He was an orchestral conductor and organist born in London, England, who started in music when he became a chorister at St. Paul’s Cathedral and progressed to studying the organ and piano there before taking up Lieder, accompaniment, being a student repetiteur and later conducting at the Royal College of Music.
After graduation he became a freelance accompanist, often working for the BBC, and there he became chorus master in 1938 and relocated with them throughout WWII, becoming the director of the BBC Revue Orchestra in 1943. These years would be the beginning of a highly successful conducting career and from 1944 onwards he led orchestras that include the BBC Northern Orchestra, the Bournemouth Symphony Orchestra, the Liverpool Philharmonic, the Philharmonia, the Royal Philharmonic orchestra and the National Youth Orchestra, to which he would become president.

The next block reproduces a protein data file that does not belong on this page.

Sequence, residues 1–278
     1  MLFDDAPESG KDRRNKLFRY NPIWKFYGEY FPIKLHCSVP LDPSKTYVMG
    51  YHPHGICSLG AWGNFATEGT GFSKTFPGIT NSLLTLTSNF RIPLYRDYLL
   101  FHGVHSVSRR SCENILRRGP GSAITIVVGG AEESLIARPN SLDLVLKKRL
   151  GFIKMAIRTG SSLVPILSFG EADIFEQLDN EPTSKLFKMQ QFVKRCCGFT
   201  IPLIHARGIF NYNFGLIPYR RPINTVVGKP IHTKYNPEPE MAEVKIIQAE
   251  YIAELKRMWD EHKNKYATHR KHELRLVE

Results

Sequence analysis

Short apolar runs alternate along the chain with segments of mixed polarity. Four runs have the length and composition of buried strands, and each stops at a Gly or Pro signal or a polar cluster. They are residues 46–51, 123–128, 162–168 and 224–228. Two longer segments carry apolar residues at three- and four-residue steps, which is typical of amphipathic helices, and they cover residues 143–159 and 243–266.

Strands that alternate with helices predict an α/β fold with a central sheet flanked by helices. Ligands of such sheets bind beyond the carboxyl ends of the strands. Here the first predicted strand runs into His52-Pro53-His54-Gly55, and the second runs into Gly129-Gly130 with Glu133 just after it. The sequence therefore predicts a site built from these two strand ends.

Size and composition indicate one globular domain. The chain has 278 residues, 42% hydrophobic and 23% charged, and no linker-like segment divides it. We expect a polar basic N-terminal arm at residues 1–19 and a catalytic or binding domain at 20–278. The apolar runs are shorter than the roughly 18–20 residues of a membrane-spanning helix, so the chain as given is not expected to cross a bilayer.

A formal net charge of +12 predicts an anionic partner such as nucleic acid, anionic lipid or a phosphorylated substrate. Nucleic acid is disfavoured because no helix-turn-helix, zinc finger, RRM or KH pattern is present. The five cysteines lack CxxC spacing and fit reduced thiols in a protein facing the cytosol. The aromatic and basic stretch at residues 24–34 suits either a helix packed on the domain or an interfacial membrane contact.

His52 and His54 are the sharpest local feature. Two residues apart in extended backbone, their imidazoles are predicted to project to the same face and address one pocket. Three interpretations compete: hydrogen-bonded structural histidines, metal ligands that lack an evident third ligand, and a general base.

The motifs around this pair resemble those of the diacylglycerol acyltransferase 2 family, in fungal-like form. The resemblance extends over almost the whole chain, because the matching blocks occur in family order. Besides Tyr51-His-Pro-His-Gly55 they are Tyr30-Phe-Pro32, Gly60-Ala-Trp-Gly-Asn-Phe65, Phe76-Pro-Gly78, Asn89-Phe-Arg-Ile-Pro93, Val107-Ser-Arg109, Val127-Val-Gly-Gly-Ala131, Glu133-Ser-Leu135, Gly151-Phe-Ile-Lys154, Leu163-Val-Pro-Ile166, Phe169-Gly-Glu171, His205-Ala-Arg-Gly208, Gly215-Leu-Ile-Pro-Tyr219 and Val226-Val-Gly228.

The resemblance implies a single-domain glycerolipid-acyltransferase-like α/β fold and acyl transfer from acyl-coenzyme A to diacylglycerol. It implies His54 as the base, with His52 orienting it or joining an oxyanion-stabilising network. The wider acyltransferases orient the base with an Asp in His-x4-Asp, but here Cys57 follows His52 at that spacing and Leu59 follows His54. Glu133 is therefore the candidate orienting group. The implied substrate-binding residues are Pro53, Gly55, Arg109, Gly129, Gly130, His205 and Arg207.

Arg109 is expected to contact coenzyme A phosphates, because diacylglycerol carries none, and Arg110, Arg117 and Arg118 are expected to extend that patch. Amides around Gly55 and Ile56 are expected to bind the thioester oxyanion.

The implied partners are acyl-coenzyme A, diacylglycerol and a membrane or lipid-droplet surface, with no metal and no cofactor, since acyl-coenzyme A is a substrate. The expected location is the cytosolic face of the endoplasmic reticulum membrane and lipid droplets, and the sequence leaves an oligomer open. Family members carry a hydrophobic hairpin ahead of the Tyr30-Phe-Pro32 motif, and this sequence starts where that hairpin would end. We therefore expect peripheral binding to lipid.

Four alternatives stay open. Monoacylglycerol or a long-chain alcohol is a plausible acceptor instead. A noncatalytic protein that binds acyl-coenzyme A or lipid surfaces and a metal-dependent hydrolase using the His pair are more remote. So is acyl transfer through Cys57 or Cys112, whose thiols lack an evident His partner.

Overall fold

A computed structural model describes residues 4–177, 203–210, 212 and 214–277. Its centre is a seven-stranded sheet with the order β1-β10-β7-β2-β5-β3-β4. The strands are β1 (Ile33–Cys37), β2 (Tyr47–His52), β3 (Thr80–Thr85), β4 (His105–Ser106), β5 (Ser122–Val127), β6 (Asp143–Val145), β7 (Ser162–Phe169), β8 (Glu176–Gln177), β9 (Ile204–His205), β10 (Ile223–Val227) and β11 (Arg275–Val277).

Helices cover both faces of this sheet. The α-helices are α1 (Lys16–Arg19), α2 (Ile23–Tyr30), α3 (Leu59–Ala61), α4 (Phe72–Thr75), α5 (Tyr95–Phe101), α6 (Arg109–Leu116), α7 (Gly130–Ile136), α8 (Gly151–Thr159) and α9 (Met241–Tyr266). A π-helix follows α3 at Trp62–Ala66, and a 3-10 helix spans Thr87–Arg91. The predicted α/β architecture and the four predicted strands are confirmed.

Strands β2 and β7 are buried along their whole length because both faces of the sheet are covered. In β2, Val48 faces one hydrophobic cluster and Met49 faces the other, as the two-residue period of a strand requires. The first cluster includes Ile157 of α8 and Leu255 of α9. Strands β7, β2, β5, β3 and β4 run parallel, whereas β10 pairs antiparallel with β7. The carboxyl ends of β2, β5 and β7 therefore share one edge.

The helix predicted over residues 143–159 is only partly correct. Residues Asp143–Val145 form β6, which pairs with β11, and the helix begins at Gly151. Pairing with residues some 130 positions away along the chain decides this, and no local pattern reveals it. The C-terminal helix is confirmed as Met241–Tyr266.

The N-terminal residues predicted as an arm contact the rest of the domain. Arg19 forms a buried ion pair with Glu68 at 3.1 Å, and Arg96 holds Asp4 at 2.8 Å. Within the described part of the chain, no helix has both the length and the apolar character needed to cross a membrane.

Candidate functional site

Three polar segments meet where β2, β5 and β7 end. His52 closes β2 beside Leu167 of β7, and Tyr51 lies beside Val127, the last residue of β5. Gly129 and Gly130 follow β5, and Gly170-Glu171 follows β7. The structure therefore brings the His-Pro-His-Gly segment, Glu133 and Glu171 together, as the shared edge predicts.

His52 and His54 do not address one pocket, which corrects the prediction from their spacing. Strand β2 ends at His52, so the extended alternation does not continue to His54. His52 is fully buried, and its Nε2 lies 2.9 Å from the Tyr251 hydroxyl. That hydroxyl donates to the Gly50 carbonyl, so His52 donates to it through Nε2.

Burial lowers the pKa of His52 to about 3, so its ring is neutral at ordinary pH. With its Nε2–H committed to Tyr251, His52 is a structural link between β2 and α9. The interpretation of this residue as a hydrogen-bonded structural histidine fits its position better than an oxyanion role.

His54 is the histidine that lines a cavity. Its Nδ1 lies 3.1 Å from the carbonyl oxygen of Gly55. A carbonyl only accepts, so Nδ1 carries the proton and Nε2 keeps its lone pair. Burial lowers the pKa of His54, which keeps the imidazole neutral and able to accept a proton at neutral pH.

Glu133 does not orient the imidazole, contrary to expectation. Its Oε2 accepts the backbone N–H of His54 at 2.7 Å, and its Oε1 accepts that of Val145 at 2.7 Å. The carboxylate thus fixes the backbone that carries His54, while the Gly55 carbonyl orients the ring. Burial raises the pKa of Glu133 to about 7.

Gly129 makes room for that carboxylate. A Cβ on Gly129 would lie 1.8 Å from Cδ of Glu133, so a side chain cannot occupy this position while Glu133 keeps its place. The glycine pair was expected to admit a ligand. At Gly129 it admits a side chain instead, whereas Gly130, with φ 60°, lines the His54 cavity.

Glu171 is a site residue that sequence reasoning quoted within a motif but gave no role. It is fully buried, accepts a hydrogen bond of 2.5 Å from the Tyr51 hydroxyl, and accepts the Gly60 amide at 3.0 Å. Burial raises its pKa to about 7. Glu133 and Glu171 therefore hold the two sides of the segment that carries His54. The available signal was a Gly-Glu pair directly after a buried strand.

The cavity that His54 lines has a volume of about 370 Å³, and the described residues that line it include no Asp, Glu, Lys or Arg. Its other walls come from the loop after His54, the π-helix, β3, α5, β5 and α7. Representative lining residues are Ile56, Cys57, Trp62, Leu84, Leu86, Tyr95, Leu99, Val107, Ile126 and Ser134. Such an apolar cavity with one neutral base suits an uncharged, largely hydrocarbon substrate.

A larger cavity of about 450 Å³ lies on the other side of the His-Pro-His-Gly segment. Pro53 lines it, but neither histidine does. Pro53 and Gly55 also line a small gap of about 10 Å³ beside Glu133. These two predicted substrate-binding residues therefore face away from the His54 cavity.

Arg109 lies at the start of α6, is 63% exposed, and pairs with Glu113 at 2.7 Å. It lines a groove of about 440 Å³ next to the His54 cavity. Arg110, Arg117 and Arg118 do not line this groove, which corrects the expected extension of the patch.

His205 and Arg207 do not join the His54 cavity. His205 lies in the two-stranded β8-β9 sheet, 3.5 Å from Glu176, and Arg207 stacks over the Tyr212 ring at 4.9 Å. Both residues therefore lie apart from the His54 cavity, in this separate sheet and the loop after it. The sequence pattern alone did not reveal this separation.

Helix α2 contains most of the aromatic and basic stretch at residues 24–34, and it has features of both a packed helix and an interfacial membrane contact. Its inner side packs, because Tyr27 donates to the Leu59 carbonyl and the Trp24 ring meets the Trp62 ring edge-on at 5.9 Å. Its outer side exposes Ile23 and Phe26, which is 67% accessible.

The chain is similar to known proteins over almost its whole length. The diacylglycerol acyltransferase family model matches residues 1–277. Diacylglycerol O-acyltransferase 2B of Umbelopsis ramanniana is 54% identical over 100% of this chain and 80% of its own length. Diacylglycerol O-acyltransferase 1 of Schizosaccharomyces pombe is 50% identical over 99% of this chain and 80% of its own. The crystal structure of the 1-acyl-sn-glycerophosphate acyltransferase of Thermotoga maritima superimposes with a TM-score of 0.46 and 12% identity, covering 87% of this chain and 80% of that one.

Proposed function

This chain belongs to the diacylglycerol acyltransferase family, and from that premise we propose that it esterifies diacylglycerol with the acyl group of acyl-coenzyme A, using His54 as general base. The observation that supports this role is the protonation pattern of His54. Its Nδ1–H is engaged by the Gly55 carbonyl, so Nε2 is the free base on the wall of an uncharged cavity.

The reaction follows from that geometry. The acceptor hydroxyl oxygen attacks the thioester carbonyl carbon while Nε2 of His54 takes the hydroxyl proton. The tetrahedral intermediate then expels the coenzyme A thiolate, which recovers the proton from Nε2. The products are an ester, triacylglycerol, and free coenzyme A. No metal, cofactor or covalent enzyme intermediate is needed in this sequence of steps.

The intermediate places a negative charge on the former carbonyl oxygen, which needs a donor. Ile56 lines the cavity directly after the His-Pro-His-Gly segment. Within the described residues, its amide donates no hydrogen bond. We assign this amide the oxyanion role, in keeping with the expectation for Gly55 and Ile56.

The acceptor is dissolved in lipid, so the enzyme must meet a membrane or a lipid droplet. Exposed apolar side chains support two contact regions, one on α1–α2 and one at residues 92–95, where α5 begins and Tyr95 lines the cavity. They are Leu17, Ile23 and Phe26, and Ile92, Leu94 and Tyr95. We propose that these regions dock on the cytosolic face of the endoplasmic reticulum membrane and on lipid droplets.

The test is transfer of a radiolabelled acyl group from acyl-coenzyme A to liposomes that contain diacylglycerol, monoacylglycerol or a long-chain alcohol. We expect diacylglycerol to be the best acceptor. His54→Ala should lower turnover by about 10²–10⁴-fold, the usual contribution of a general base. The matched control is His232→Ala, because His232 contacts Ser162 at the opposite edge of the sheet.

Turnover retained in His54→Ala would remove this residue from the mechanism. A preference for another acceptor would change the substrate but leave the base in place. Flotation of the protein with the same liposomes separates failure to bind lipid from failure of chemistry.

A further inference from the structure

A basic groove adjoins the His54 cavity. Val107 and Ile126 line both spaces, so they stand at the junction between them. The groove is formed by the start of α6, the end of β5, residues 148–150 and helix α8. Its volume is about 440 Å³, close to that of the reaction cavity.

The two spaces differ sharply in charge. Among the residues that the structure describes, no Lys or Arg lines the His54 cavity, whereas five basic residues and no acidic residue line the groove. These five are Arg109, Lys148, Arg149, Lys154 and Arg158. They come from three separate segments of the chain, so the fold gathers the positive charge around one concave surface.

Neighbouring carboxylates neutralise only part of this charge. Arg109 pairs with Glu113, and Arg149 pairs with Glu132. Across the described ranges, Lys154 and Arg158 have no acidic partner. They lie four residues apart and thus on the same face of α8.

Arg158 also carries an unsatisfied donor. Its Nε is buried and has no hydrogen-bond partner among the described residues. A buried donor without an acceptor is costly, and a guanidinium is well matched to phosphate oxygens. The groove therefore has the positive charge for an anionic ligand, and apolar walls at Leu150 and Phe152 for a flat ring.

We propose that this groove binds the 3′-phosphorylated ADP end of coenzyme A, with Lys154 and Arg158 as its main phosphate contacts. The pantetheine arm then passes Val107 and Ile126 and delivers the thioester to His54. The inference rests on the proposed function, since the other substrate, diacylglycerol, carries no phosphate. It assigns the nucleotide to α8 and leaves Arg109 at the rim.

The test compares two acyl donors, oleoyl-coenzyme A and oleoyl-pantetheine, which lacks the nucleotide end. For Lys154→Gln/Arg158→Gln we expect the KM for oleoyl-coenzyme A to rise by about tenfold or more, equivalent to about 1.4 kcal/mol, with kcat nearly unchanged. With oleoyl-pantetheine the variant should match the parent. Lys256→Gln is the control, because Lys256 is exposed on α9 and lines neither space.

He was known to champion British composers and although having conducted a huge repertoire of music, including the first complete cycle of Mahler symphonies, his numerous recordings often concentrated on British light music.
After being made an Officer of the British Empire and later a Commander of the British Empire, he was knighted by Queen Elizabeth II in 1973. Making Music established the Sir Charles Groves Prize in 1990 to commemorate his 75th birthday.
He died in London when he was 77 years old and the composer Sir Peter Maxwell Davies wrote Sir Charles: his Pavane in his honour.
Philharmonia Orchestra recordings
Denon CO-73534 (CD: Sir Charles’ Precious Music Box-I)
Conductor – Sir Charles Groves